U.S. officials have long agreed with Mao Zedong’s famous formulation about relations between China and North Korea: the two countries are like “lips and teeth.” Pyongyang depends heavily on Beijing for energy, food, and most of its meager trade with the outside world, and so successive U.S. administrations have tried to enlist the Chinese in their attempts to denuclearize North Korea. U.S. President Donald Trump has bought into this logic, alternately pleading for Chinese help and threatening action if China does not do more. In the same vein, policymakers have assumed that if North Korea collapsed or became embroiled in a war with the United States, China would try to support its cherished client from afar, and potentially even deploy troops along the border to prevent a refugee crisis from spilling over into China.
But this thinking is dangerously out of date. Over the last two decades, Chinese relations with North Korea have deteriorated drastically behind the scenes, as China has tired of North Korea’s insolent behavior and reassessed its own interests on the peninsula. Today, China is no longer wedded to North Korea’s survival. In the event of a conflict or the regime’s collapse, Chinese forces would intervene to a degree not previously expected—not to protect Beijing’s supposed ally but to secure its own interests.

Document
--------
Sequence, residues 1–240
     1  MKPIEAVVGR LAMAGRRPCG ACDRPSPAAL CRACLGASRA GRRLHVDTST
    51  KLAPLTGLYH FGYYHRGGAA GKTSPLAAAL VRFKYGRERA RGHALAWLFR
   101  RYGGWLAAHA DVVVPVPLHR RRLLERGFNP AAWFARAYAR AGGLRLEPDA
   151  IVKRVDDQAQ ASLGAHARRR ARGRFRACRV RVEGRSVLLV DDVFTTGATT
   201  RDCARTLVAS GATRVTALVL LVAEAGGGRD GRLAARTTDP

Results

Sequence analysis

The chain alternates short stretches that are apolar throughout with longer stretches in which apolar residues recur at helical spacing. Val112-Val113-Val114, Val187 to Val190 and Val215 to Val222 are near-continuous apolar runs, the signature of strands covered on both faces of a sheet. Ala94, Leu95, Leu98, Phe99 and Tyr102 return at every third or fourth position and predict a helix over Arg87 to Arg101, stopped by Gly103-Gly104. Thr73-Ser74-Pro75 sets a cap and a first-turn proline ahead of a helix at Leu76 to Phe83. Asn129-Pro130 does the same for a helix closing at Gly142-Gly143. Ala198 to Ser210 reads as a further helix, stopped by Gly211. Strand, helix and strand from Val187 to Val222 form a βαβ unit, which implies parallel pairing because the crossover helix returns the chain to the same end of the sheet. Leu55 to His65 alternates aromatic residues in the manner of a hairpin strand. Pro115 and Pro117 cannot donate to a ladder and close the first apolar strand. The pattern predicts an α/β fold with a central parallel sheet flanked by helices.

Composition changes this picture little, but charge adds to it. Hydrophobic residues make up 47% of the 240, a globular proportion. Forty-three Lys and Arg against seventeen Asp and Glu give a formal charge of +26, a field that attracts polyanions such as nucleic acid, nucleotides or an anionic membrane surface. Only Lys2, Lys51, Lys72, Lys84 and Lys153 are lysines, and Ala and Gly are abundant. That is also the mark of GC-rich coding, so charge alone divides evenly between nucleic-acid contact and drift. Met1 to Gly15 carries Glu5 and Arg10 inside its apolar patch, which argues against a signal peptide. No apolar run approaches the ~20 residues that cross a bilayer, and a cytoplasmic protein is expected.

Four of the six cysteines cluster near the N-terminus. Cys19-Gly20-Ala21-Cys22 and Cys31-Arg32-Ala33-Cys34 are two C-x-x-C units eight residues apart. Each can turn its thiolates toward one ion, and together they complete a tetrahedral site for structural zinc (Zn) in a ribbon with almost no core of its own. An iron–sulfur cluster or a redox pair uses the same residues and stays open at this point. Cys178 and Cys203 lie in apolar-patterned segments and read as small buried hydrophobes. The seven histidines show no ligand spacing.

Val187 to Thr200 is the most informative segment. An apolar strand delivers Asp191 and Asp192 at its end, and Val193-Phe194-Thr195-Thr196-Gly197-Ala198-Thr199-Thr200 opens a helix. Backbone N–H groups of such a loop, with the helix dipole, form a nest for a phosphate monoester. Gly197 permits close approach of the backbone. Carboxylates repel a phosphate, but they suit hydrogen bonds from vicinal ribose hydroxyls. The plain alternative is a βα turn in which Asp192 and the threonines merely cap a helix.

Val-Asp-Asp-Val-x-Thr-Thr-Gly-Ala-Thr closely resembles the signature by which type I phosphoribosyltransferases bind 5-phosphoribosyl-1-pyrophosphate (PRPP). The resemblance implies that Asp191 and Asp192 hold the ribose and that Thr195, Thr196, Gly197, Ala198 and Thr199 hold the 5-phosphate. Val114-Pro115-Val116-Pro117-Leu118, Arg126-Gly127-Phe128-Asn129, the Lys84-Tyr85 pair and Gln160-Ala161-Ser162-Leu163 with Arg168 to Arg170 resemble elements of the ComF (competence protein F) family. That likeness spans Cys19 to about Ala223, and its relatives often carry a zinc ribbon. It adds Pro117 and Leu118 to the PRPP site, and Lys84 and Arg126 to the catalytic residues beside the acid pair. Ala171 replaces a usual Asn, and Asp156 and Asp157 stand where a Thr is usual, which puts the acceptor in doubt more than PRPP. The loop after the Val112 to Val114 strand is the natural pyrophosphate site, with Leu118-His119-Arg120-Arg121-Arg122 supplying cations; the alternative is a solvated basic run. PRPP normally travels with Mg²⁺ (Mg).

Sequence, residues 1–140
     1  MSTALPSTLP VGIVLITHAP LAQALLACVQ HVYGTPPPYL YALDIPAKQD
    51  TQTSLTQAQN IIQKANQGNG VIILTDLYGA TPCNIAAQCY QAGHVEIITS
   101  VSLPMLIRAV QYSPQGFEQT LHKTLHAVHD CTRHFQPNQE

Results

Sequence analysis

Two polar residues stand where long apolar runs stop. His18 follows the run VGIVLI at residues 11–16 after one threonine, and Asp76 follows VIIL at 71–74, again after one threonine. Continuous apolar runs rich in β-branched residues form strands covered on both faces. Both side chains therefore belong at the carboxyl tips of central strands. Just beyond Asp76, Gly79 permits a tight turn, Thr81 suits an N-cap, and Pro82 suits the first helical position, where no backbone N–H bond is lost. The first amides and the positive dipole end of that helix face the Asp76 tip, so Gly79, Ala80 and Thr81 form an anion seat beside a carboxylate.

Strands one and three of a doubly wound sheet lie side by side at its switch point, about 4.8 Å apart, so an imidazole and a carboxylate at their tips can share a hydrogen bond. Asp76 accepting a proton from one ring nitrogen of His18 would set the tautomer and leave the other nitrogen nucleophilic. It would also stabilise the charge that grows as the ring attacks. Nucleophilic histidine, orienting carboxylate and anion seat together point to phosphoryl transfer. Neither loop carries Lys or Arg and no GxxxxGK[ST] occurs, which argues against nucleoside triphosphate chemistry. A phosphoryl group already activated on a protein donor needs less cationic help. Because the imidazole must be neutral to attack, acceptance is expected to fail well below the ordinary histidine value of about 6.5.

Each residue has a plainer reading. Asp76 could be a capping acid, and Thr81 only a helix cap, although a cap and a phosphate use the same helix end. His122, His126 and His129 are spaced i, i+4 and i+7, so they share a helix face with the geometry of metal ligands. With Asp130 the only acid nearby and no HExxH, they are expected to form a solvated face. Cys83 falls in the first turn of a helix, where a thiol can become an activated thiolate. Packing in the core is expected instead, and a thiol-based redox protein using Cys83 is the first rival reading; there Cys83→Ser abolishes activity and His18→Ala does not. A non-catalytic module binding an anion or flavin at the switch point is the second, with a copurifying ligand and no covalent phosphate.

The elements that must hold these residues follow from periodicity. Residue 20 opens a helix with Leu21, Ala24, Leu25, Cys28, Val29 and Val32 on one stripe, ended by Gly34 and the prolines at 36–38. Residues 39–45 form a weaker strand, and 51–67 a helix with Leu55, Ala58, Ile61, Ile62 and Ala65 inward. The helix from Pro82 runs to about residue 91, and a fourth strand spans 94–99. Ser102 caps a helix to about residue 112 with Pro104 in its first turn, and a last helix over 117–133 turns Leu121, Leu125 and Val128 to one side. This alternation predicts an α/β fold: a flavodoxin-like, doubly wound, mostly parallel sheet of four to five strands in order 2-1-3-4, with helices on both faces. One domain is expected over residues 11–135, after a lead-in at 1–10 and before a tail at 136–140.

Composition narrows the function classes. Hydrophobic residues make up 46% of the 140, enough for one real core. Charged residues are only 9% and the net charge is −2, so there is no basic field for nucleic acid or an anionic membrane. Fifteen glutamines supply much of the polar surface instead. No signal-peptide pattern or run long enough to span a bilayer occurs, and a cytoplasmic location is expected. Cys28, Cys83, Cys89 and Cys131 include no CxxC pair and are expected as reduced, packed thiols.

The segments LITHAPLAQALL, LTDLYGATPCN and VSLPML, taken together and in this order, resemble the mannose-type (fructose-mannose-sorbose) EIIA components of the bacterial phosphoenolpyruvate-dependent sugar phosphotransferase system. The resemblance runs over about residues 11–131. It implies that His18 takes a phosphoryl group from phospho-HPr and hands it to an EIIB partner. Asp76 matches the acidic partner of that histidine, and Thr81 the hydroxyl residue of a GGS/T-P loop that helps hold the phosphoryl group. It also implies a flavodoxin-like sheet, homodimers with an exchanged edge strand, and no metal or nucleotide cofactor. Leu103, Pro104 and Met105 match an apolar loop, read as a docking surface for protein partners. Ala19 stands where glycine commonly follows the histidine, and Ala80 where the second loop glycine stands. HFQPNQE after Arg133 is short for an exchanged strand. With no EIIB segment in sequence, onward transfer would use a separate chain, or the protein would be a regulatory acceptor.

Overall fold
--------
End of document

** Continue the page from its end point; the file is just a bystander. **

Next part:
In the current cycle of provocation and escalation, understanding where China really stands on North Korea is not some academic exercise. Last July, North Korea successfully tested an intercontinental ballistic missile capable of reaching the United States’ West Coast. And in September, it exploded a hydrogen bomb that was 17 times as powerful as the one dropped on Hiroshima. U.S. rhetoric, meanwhile, has inflamed the situation. Trump has mocked the North Korean leader Kim Jong Un as “Little Rocket Man,” threatened that North Korea “won’t be around much longer,” and announced that “military solutions are now fully in place, locked and loaded.” To back up
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